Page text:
The only time I will say yes on the app is when my private banker requests it, and usually its because I emailed him to request opening an account etc so I know about it before he even calls. For some unknown transaction...never.

Also the popup on the app that you must say yes to, tells you clearly what it is for, so no idea how you can also fall for that, but I guess some people do.
 

RandomGeek

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Yeah - mastercard is one visa another - so its info that is not at all unique
The first 4 digits of a card is normally fixed - and is linked to your bank

E.g. FNB would be 4901 for their credit card, always. So if someone knows who you bank with they know the first 4 digits too

 
Last edited:

NeonNinja

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Asking for the first four numbers wouldn't raise a red flag, asking for the whole number or last few and the CSV definitely would.

*edit*

Some words of advice, I've fielded numerous calls from my banks fraud division as its been attempted a few times on my account. The bank will identify themselves and ask the standard security questions, no account numbers pins or password. They should then stipulate the transaction, where it was done and for what amount. There is no need to action a reversal on your side or press any button, click a link, etc. All you have to do is state that you did not execute the transaction and they will put a hold on the card immediately.

Always a good practice to follow up with a call to the fraud division CONFIRMING the previous call was them.
These days they ask for the last 6 digits of your card, your pin plus ID number (FNB) and you dial them in on your keypad.
 

Kosmik

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These days they ask for the last 6 digits of your card, your pin plus ID number (FNB) and you dial them in on your keypad.
Ah, don't bank with FNB but that sounds ridiculous. When I had the old discovery card years ago, it was the same as I described but that was pre-app days.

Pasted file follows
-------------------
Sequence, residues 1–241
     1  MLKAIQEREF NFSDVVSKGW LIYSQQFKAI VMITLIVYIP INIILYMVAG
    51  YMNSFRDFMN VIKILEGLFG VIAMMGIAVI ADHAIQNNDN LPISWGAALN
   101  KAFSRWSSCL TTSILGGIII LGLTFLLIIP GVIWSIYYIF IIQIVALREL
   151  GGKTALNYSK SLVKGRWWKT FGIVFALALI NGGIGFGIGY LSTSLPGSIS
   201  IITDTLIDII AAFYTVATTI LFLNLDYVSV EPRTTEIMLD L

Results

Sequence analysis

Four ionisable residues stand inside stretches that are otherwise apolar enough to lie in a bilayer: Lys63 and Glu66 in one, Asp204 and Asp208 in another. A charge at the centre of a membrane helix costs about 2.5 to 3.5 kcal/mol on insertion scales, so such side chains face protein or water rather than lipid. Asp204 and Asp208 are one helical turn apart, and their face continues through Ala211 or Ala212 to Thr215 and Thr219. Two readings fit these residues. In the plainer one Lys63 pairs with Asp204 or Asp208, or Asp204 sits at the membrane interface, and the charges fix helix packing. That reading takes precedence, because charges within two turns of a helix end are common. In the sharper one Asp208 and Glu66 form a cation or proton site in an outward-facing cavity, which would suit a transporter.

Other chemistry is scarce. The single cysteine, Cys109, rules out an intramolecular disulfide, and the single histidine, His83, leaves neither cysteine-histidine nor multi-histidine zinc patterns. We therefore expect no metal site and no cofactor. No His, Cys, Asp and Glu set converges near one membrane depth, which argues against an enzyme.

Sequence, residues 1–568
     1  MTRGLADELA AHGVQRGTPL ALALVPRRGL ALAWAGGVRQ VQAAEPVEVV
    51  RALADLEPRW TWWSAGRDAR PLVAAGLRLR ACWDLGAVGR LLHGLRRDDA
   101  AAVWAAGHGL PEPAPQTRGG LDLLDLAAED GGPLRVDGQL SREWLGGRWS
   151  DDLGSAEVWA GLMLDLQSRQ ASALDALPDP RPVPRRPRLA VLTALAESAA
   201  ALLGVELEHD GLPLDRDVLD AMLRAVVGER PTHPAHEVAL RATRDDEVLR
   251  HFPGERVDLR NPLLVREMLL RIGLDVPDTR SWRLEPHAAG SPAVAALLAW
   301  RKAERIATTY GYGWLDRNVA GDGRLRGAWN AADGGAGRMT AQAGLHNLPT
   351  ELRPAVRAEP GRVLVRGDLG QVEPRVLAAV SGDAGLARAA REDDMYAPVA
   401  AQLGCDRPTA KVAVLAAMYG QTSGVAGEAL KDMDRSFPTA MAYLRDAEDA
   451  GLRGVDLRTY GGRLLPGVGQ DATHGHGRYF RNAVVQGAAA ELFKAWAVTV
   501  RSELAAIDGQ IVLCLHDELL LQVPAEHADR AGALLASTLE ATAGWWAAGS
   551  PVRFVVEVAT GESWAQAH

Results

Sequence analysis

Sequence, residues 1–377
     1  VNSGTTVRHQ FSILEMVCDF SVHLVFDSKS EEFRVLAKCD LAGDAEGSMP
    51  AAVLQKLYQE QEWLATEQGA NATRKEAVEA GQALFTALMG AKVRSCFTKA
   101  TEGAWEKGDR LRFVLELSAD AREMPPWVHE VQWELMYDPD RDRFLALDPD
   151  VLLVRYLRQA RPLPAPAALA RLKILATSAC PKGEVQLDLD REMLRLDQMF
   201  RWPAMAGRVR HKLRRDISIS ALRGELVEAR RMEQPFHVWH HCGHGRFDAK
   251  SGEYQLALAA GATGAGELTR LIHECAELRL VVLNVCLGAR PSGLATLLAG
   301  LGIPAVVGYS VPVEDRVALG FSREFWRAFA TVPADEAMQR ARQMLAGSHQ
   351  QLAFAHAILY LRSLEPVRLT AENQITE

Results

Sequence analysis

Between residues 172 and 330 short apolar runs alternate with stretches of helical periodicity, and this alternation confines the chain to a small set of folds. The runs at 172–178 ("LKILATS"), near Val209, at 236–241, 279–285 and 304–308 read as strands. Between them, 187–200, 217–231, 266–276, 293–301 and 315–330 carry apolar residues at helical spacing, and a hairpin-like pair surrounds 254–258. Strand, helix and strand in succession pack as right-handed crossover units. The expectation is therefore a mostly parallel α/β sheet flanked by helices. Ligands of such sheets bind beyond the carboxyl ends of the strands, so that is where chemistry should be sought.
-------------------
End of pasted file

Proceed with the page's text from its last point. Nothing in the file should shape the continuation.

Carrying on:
access

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Mar 17, 2009
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These days they ask for the last 6 digits of your card, your pin plus ID number (FNB) and you dial them in on your keypad.
yeah i still dont trust when they call. how do you now someone isnt phishing for those dtmf tones when you punch the pin in... id numbers and card numbers can be found on various things.
 

NeonNinja

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Nov 22, 2009
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yeah i still dont trust when they call. how do you now someone isnt phishing for those dtmf tones when you punch the pin in... id numbers and card numbers can be found on various things.
This is when you call their 087 numbers. You speak to Veronica and not a person, after successful verification then you speak to an agent.
 

genetic

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Apr 26, 2008
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The first 4 digits of a card is normally fixed - and is linked to your bank

E.g. FNB would be 4901, always. So if someone knows who you bank with they know the first 4 digits too

None of my FNB cards start with 4901.
 

zulucat

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Dec 7, 2010
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Why would any one with half functioning brain cells fall for this?